Read, read, read. Read everything - trash, classics, good and bad, and see how they do it. Just like a carpenter who works as an apprentice and studies the master. Read! You'll absorb it. Then write. If it's good, you'll find out. If it's not, throw it out of the window.
William Faulkner

Fascinating problem - Flip

14-year-old Alex wakes up. He can't remember how he got home last night. Wait, this isn't his bed or his room. Or his body! He's not in London any more and 6 months have disappeared from his life. He tries to contact home and discovers something terrible has happened to him. His body is in a coma. He has to figure out a way to get himself back into his own body.

How could you not read this book? It's called Flip (Wendy Lamb Books, 2011) by Martyn Bedford and I loved it and the fascinating problem. The character is sympathetic. Great read. I'm not the only one to think so...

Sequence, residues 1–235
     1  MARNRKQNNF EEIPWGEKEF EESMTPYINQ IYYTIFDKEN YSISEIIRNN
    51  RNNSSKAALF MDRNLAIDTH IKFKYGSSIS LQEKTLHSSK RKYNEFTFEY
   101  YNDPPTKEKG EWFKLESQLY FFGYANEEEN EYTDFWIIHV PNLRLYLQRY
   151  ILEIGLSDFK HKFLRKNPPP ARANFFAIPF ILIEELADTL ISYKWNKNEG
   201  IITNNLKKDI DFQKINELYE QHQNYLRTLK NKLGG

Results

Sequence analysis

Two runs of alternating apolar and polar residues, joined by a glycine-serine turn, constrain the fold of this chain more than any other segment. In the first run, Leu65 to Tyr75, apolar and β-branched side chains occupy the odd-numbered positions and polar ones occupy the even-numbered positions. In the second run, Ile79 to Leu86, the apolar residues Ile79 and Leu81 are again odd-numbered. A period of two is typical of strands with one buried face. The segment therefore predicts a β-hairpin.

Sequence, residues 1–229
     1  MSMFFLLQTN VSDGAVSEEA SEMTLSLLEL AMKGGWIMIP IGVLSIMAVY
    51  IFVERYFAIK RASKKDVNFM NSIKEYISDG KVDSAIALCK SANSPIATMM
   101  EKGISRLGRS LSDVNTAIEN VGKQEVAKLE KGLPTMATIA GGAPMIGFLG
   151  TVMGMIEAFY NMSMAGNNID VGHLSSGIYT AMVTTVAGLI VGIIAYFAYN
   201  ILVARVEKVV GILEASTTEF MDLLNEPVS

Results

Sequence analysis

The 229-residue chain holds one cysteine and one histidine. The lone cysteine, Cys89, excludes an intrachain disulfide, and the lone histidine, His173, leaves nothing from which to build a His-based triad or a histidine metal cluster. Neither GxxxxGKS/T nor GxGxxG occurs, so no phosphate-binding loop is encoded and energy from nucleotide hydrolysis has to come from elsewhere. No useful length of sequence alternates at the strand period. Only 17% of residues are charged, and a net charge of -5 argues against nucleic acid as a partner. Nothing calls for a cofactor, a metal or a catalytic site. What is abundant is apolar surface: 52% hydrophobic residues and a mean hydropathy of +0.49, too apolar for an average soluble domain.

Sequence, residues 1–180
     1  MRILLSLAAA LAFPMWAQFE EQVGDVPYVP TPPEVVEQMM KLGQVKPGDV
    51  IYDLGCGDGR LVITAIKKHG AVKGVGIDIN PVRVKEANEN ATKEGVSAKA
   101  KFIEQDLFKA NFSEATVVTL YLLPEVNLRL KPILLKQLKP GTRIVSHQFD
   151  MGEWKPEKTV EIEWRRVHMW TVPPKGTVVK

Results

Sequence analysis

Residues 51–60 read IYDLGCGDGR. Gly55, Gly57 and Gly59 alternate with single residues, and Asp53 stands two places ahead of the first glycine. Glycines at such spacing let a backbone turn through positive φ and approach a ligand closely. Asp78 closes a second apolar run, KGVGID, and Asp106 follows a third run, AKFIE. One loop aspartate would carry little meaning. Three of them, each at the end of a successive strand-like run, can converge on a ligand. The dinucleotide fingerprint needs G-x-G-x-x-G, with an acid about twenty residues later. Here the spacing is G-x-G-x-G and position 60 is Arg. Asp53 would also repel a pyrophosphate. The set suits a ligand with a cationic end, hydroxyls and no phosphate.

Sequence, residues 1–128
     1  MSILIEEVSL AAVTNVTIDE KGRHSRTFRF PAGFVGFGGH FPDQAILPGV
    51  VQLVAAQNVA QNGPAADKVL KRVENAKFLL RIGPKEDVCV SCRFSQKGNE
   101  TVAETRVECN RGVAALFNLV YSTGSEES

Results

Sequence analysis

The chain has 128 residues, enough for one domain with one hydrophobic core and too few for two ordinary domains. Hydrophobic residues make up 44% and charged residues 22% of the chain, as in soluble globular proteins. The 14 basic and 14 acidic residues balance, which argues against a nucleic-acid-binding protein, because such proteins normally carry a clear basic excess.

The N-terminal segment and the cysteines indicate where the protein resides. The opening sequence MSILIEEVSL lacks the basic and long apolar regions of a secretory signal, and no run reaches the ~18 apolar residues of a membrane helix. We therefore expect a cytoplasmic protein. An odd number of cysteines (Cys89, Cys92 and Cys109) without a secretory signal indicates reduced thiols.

Flip has been named one of the 2012 Best Children's Books of the Year by Bank Street College of Education, and has been tagged as one of the novels of "outstanding merit" on the list.

This is Martyn's first YA book, but he has five adult novels out. Plus he has a second YA coming out next year. Read more about him, and even some fan mail about Flip on his website. You also might enjoy his Not The Home Page page.

Whose life? - How to save a life

howtosavealife.jpgI love how the title of this book, How to save a life (Little, Brown and Company, 2011) by Sara Zarr, applies to multiple situations and characters in this story. Told in two viewpoints from two teen girls from very different backgrounds we see the world through them in very different ways. I love how the author has made me sympathetic for both girls even though they have opposing needs.